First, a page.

The AA story began in 1924 in Wembley at an International Advertising Convention. Then known as District 14 of the Advertising Association Clubs of the World (so named as the first 13 districts were in the USA), it became the Advertising Association in 1926. In the same year as District 14 became the AA, the Association of Manufacturers of British Proprietaries or AMBP became PAGB. Professionals in both advertising and pharmaceuticals recognised that while many of their colleagues acted responsibly, there were many adverts, often for cure-alls and other health remedies, that made wildly exaggerated and misleading claims.
As was natural for a trade association of that era, both bodies laid down their aims in lofty but purposeful language. The AA pledged to dedicate our efforts to the cause of better business and social science, and to tell the advertising story simply and without exaggeration and to avoid even a tendency to mislead.
Similarly, PAGB’s principles emphasised honesty and the need to avoid exaggeration. In 1927 PAGB became a member of the Advertising Association and in 1936, it launched the first self-regulatory advertising code in the world. In 1939, the AA adopted the PAGB Code and recommended other organisations do similarly.
The continuing recognition of the importance of advertising regulation by the AA and PAGB led to the creation in 1961 of the Committees of Advertising Practice and the Advertising Standards Authority in 1962. These are still at the heart of advertising self-regulation to this day.
The crucial nature of trust between brands, advertising and the consumer has continued throughout the existence of PAGB and AA. At the Incorporated Society of British Advertisers (ISBA) annual conference on 5 March 2019, AA President and Unilever CMCO Keith Weed launched a new industry action plan on Trust. The document is borne out of recent research from advertising’s think tank, Credos – led by Director Karen Fraser MBE – and revealed which issues most affect public perceptions of advertising.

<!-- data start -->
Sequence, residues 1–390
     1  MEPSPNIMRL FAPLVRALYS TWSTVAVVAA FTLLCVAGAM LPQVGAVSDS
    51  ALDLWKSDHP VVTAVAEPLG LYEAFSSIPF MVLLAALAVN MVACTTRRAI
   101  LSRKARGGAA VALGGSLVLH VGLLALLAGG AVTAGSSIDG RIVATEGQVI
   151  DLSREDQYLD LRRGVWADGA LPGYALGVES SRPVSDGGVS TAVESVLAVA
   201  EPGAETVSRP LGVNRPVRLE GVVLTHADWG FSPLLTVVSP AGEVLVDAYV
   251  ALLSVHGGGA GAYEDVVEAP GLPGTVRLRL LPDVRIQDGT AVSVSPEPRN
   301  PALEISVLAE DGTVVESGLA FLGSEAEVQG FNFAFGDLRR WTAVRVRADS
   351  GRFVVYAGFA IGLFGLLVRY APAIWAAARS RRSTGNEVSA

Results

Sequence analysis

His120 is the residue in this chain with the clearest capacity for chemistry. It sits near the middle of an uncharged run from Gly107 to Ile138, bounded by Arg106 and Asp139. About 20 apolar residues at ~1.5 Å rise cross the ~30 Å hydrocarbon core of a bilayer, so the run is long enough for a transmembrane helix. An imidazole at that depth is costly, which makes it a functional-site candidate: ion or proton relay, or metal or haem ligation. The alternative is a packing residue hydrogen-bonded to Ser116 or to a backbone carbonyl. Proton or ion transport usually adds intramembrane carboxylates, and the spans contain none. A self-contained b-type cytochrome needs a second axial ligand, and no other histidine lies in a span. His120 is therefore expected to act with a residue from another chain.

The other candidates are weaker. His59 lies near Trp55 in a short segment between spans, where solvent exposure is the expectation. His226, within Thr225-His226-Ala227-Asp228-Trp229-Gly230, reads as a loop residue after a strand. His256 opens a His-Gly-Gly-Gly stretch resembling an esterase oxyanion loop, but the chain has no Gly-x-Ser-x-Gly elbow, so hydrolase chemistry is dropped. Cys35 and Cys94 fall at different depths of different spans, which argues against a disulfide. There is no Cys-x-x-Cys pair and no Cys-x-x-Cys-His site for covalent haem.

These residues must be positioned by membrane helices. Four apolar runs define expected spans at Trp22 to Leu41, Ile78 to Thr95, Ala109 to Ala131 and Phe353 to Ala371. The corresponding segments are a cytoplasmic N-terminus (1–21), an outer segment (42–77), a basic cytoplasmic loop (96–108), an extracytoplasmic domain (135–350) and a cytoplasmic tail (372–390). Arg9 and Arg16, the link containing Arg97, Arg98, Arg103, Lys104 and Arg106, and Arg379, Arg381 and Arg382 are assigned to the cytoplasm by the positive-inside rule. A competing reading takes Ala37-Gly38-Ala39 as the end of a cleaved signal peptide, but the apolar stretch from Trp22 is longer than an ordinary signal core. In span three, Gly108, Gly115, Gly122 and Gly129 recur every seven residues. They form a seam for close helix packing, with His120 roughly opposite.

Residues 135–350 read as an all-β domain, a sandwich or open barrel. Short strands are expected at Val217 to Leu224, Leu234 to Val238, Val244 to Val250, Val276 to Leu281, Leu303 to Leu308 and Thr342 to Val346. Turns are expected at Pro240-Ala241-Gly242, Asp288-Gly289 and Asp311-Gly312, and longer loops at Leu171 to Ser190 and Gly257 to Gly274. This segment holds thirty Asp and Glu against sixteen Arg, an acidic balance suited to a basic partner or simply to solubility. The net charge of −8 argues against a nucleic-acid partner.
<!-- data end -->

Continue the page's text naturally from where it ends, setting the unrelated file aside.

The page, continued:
The findings show that advertising is valued as a source of information on new products and services, as well as being a form of entertainment. Some respondents also said it can be a force for social good, providing important public health information and representing progressive social values.
Trust and favourability towards advertising were negatively impacted by issues such as ‘bombardment’, as well as feelings of intrusiveness – when advertising is present in what are considered private places, such as letterboxes or email inboxes, or when individually targeted advertising appears to be based on personal data.
Another area of concern is around ads that are felt to be manipulative. Examples cited include claims that are felt to be misleading or too good to be true, or when terms and conditions are judged to hide important information. There were also concerns around advertising to sensitive sectors and vulnerable groups, such as the financially insecure, those with addictions, children, and the elderly.
Concern at the decline in favourability and trust towards advertising led to the creation of a Trust Working Group at the AA – alongside members from across the UK’s biggest advertisers, agencies, media owners, trade associations and tech platforms.
As our President Keith Weed has said: “Trust is a crucial component of advertising. A brand without trust is simply a product; you cannot have one without the other.”
So, what are the plans for improving trust that were announced on 5 March? Industry’s first action will be to reduce advertising bombardment, with a move towards 100% market conformity to the IAB UK Gold Standard in all digital display advertising.
Secondly, industry will commit to reducing excessive advertising frequency and re-targeting. To tackle this, ISBA will bring senior marketing practitioners together to create best practice guidelines aimed at reducing excessive advertising frequency.
Thirdly, industry will ensure the ASA is recognised more widely as the respected self-regulator it is and will also support the ASA’s new five-year strategy on making more impact online.
Next, industry will ensure that our customers and consumers know that their data privacy matters as this is very important to people’s trust in products and services. Lastly, industry is committed to showing that advertising can drive social change through healthy eating campaigns, increasing diversity in advertising content, and by supporting media literacy among young people through our industry programme Media Smart.
Both the AA and PAGB may be a hundred or so years old, but both are as relevant and vital to public confidence in their industries as ever they were. Trust was a founding principle of both organisations and, as we have seen, people still need to have faith in the ads they are seeing and the products they are consuming. With this as our common mission, we are sure both the AA and PAGB will continue to flourish – maybe even for another hundred years! We wish PAGB well on its anniversary and look forward to working with it in the future to promote the best standards in both our industries.